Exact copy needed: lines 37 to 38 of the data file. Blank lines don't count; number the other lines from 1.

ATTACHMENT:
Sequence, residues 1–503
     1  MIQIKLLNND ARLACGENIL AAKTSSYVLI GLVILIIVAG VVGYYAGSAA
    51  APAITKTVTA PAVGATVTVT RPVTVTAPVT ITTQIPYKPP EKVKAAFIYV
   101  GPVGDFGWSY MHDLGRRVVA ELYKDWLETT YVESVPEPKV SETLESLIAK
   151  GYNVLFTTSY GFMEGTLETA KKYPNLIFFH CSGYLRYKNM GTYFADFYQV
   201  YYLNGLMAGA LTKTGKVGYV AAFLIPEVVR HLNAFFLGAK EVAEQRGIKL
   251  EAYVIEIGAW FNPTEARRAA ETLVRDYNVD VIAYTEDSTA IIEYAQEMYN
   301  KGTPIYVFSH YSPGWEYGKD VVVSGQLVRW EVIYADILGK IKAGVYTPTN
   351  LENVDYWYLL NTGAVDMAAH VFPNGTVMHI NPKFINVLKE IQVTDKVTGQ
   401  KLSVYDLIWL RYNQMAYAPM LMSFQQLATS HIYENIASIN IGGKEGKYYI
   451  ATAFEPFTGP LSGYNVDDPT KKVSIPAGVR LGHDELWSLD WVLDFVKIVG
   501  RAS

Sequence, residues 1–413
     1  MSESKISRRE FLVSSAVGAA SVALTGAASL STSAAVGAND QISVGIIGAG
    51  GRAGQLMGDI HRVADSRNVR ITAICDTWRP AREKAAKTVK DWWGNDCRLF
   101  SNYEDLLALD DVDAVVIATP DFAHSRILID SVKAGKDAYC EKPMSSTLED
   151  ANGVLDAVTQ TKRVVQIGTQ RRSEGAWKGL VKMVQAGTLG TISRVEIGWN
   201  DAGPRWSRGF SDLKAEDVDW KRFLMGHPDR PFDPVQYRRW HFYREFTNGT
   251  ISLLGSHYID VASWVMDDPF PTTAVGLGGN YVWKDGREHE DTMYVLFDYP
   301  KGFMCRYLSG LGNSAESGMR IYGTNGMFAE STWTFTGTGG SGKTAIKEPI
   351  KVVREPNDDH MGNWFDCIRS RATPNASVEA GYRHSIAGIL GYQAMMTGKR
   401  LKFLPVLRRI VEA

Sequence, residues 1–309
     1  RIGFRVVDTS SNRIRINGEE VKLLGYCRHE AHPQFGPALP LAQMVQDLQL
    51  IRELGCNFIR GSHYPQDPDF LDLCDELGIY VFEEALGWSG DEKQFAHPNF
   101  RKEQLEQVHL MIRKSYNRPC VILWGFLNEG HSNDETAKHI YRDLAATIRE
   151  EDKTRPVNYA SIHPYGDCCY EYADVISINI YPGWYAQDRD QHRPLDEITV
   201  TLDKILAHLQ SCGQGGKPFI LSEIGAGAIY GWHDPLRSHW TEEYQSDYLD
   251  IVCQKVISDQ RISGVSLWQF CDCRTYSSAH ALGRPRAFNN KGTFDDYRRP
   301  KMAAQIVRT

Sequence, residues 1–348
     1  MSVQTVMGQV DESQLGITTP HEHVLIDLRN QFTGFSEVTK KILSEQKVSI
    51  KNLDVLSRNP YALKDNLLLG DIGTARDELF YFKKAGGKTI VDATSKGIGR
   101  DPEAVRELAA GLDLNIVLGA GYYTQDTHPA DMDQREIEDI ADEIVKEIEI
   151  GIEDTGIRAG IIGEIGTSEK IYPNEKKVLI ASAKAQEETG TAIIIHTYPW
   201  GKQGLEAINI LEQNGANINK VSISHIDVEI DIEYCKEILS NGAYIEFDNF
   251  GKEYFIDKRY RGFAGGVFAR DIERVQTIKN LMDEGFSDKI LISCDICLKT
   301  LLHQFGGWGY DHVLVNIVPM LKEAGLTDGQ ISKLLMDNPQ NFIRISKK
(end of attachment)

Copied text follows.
   251  GKEYFIDKRY RGFAGGVFAR DIERVQTIKN LMDEGFSDKI LISCDICLKT
   301  LLHQFGGWGY DHVLVNIVPM LKEAGLTDGQ ISKLLMDNPQ NFIRISKK